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Pleading guilty

Every so often, things from my past come creeping out of the dark and bite me in the conscience. I try to dismiss them as soon as possible, but sometimes they persist and I can’t seem to forget about them. I do know confession is good for the soul, or wherever our conscience resides, and there may be some value in sharing such experiences with others. If nothing else is gained, at least someone might be warned by my experience and avoid the same mistakes.
There was a time when, young and foolish, my husband and I apparently had a lot more time, patience, and generosity than was good for us. We welcomed drop-in friends and relatives, insisting they stay for meals, even stay over for a weekend. I’m not certain what drove us to such extremes– maybe because our parents hadn’t normally indulged in similar behavior and we were out to prove something– maybe we were more worldly, more tolerant, more sociable– certainly more reckless!
If a guest wanted to bring along a friend or relative– or two or three, that was okay with us, the more the merrier. Our little parties, originally planned for half a dozen people, nearly always blossomed into major productions involving dozens with many of them complete strangers to us. We seldom acquired lasting new friendships from this, but it did result in the illusion we threw really good parties and we had had a fine old time. What might have been quiet weekends with our kids, camping, fishing or picnicking, seemed to transmute into summer camp for adults, complete with boats, horses and midnight hijinks. There was no getting away to our little cabin in the woods. People found us and readily assumed, from past experience, they were happily included.
I’m not saying we didn’t enjoy ourselves most of the time, but the cost of the food and drink added up and the time and energy we would have spent on our kids was sidetracked to other people and other activities. We did have quite a few really good friends through all this, but there were a lot of other people who presumed on our hospitality and good natures. There didn’t seem to be any way to put a stop to it short of stopping all social activities. Not all the uninvited were friends of friends and relative strangers, either. Some were actually relatives who assumed the welcome mat was always out for them because they were “family.”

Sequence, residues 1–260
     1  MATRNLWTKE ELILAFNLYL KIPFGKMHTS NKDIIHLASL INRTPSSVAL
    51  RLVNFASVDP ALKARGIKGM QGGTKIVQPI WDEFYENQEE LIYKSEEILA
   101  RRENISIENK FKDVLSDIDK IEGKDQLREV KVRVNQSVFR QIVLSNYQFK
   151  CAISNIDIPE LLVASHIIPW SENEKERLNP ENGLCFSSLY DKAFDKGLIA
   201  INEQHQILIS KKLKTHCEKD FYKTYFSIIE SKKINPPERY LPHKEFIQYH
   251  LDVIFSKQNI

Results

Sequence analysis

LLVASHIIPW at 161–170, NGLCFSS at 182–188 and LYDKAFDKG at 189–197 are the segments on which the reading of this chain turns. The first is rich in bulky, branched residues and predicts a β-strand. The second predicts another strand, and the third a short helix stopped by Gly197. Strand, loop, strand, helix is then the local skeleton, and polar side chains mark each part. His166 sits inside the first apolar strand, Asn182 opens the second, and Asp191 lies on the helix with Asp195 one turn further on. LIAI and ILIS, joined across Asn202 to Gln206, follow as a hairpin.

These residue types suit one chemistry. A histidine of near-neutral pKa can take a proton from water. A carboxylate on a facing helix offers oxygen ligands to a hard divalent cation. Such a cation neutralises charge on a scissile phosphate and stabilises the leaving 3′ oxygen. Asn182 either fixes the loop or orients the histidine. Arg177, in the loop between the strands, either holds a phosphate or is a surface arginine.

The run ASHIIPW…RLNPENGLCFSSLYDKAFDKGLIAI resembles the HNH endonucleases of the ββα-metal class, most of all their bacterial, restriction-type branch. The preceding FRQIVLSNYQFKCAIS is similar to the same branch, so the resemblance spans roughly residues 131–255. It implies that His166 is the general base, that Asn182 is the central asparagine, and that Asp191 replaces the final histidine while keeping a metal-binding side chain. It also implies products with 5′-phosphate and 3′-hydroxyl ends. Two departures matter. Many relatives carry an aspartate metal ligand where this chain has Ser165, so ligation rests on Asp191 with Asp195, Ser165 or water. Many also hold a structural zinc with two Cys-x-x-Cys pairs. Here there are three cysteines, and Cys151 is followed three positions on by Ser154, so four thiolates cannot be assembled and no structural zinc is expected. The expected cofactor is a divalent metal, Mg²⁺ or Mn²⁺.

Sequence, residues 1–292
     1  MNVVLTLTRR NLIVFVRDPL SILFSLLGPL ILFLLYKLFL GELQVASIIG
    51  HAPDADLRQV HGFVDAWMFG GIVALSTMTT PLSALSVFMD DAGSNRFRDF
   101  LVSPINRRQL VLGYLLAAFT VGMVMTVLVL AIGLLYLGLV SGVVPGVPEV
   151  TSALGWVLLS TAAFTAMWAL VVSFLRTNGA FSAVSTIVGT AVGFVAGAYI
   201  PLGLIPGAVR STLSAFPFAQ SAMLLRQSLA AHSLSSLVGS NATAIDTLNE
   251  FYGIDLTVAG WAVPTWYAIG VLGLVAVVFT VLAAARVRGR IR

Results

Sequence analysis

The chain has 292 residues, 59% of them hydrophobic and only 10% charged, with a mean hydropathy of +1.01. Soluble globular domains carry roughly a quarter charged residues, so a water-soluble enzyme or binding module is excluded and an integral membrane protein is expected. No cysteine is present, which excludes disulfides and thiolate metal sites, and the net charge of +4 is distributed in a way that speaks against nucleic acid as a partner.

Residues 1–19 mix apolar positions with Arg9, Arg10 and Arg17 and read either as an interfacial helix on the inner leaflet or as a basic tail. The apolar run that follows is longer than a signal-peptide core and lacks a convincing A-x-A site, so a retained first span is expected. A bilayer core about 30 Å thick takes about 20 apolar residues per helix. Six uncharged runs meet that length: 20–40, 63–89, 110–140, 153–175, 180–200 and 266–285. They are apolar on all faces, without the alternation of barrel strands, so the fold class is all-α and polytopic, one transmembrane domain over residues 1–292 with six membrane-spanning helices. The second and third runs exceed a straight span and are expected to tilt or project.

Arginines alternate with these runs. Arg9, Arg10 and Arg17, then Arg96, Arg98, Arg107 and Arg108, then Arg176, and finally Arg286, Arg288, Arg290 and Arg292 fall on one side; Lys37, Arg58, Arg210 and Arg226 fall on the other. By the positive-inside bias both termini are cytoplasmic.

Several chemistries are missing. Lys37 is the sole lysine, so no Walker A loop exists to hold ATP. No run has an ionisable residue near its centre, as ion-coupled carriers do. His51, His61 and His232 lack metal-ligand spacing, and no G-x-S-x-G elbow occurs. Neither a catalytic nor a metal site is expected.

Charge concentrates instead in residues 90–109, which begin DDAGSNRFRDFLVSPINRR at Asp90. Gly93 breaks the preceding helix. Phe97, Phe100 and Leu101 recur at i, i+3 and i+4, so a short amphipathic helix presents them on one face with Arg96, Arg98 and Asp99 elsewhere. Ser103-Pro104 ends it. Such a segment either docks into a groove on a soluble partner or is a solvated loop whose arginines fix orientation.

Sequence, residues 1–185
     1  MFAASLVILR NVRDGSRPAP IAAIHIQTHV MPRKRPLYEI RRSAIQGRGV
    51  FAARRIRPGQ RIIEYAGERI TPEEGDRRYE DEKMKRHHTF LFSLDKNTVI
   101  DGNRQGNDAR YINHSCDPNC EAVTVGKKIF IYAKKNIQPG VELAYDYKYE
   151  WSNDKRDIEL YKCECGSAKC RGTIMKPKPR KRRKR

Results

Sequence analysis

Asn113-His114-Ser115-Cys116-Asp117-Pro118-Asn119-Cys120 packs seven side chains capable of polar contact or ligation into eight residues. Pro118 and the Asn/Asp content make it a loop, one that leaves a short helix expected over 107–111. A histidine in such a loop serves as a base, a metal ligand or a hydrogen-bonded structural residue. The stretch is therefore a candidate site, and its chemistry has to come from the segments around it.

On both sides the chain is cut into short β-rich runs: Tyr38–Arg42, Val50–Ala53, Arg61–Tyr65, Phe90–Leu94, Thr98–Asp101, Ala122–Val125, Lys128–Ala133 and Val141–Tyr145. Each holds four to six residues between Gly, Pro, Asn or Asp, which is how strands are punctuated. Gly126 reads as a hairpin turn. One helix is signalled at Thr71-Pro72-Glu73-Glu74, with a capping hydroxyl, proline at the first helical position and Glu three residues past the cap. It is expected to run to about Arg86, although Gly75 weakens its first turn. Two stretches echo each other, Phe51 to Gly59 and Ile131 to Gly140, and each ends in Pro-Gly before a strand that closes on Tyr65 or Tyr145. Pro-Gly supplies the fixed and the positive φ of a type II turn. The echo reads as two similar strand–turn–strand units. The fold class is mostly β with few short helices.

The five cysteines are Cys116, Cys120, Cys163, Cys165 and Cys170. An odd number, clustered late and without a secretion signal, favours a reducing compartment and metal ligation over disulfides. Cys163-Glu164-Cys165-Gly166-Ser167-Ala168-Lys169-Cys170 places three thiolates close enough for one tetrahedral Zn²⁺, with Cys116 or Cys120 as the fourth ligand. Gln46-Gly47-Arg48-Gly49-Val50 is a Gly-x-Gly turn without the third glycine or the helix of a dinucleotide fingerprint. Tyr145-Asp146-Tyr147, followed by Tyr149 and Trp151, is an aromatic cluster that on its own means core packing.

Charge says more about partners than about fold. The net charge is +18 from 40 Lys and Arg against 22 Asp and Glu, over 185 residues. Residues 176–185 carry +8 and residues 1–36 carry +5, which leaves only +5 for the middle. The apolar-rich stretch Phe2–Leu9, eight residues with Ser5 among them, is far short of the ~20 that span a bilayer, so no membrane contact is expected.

Then, one fine day, the whole thing was brought into sharp focus for me. A friend, from a city a couple hundred miles away, showed up one weekend with his wife and four young sons. Their boys were a little older and a lot rowdier than ours, but we enjoyed their company before, for a day at a time. From the suitcases and toys that emerged from the back of their station wagon, it began to be suspiciously evident they were on vacation. And, our house was to be their summer resort, with my husband and me in the roles of host, cook, bartender, baby-sitter and activities director. All this without invitation from us or warning from them.
We were stunned and at a loss as to how to handle the situation. We knew the friend was struggling financially and a family vacation at a proper resort was out of the question for them. I understood the friend’s wife probably needed a break from keeping house and caring for their lively brood. But why on earth they would assume we would willingly go along with such a plan was a total mystery. I could put up with this for a weekend, perhaps, but it was evident it wasn’t going to work for more than a day or two.
My kids were more than unhappy. At least one of them was either bleeding or crying at any given moment. Favorite toys were broken, seemingly deliberately. The dog was teased and bedeviled to the point where I began to worry she would attack her tormentors out of frustration and self-defense. The last straw occurred on Monday morning when my youngest son came crying into the house dripping with urine. One of our “guests” had stood on the picnic table in our back yard and sprinkled him in some childish territory-marking behavior.
I packed up a few of our clothes and toys, loaded my kids into the car, and drove off to spend a week with my husband’s parents, who had been begging me to bring the boys and spend some time fishing with Grandpa. My husband escaped to his office early on Monday and I don’t know how long our unwanted guests stayed. Apparently, not long, as the house was in good order when I returned and the only damage was a smear of lipstick on one of my oil paintings. A rag and a bit of acetone cleaned it off with no harm done.